The story itself, although interesting, felt mostly like a lot of set up, with too many sexytime scenes that I thought was unnecessary as I felt that there were other ways that the breakdown of Diwata’s marriage could have been shown. Even if our effects are still not up to par yet, the film could have made use of different narrative and creative tools to make it more of a cerebral think piece that allowed the viewers to piece together what is really going on within the ministry, Diwata’s work and its connection with the original work of her father and grandfather, the disappearance of her sister, and the existence of the rebel forces outside the bio-domes.
The acting was great and had veteran actors in it, which is why I felt that Epy Quizon and Mon Confiado, both of whom audiences saw lately in both “Heneral Luna” and “Goyo: Ang Batang Heneral”, were greatly under utilized.
In the end, the result is a good first try at hard core science fiction, but its pacing dragged the story down and ended up feeling like one long set up or a long classic episode of “Doctor Who” from the ’80s.
From here on out, there will be spoilers!
As mentioned earlier, the world building that went on in the background was the one thing that kept me going while watching the film as it was able to blend the old with the new, and show us that the issues we have today are still the same in this version of the future.
For the technology, it was a mix of current cellphones and tablets, mixed in with the more futuristic technologies of projecting things on glass or in the air. Diwata’s home too was a mixture of the old and the new, with them using technology that they can afford, while still keeping old school items such as a stuffed dinosaur, and an old school wooden record player. The radio announcements and advertisements, however, added a lot to the world building, with them talking about having a better future working off-world and with the current problems that are reminiscent of the same problems we have today, from our LRTs breaking down all the time, to how filmmakers are overworked.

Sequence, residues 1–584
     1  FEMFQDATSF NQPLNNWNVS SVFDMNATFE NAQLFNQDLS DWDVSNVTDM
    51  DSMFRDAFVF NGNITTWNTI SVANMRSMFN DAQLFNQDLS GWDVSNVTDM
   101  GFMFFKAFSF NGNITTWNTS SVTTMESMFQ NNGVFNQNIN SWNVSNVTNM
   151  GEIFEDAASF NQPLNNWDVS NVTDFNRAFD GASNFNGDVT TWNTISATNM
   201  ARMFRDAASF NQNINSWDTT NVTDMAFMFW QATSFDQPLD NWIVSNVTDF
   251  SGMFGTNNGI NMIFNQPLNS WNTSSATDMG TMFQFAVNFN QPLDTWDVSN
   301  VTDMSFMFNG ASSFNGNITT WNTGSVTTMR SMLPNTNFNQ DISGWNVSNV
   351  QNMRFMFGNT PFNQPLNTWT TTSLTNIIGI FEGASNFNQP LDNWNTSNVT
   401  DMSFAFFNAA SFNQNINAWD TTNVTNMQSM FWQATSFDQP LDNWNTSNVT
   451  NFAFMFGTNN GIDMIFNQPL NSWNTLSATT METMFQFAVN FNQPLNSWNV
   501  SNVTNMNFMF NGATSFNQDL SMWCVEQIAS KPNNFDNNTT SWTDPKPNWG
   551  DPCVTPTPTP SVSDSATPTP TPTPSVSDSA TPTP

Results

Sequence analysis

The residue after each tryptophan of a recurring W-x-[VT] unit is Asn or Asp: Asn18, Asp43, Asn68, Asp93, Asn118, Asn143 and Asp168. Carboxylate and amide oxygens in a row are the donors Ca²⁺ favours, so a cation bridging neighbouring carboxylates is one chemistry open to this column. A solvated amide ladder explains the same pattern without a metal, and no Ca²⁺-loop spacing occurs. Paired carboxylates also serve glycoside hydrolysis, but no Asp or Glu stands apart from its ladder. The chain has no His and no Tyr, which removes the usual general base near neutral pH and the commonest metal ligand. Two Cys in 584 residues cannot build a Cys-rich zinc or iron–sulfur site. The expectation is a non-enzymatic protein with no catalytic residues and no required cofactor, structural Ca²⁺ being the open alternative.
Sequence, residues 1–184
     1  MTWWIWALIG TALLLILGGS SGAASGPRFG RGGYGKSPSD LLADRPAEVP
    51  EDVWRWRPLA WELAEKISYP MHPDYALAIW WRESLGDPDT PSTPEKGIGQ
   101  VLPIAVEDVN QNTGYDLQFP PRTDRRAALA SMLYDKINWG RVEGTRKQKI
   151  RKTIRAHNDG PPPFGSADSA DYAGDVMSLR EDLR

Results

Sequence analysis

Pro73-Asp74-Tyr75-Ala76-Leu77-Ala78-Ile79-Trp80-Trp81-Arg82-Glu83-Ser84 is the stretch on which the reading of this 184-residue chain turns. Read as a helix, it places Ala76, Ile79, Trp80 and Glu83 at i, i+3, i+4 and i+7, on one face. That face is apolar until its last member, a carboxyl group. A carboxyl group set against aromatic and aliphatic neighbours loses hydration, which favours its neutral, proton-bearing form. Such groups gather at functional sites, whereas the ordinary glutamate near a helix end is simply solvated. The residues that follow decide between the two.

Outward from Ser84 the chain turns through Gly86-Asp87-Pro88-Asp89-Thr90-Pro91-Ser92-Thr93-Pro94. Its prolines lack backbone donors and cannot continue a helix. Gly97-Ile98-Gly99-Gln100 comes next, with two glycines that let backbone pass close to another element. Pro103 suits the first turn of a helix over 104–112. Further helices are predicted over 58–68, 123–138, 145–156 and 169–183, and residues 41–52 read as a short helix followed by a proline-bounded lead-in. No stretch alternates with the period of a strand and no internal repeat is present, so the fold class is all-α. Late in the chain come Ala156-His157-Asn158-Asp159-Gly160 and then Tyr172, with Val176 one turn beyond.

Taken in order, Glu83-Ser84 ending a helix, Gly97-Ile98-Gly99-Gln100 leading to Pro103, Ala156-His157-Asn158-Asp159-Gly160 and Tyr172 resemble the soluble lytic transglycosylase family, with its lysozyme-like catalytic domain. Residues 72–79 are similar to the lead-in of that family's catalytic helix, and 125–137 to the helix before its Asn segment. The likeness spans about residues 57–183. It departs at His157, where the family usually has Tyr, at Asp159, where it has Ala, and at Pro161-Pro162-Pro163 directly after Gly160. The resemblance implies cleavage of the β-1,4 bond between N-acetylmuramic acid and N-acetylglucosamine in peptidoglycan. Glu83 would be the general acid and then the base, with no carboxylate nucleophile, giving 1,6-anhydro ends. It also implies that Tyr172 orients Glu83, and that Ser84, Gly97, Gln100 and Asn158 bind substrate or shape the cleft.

It should be expected that our effects do still need a lot of work, and based on this, it’s around the level of the ’80s or ’90s, however, I am not sure if the budget also affected this. However, the effects, even as was expected of it, were alright.
My biggest issue with the film was really with its pacing, as it felt like a lot of set up with a rushed build-up and ending. I wish that the rebel farmers concept was introduced earlier on into the film, and that we could have explored the outside of the bio-domes more, and Diwata’s relationship with her sister, who turned out to be the leader of the rebel farmers. There, the breakdown of Diwata’s marriage could be explored as well as their family’s history with the government, we could have seen Diwata exploring the plants that they grew there, actual clashes with government forces and Diwata having that internal conflict of what she should do next, especially as her father and son do live within the Mega Manila bio-dome. Instead, it was all set-up and the ending felt anti-climactic. It also felt, at times, that it was more tell than show. This was a shame as the story itself had so much potential.
However, the focus on the family did highlight the issues that citizens, and especially the farmers, experience all the time.
All in all, “Alimuom” was a good first stab at doing a science fiction film, although the narrative was weak and anti-climactic, which was too bad as the world building and premise were good. However, there is still a lot of room for improvement here, as this genre in Philippine film isn’t really done, and I cannot wait to see what they will do next.
Image Source: Alimuom Facebook Page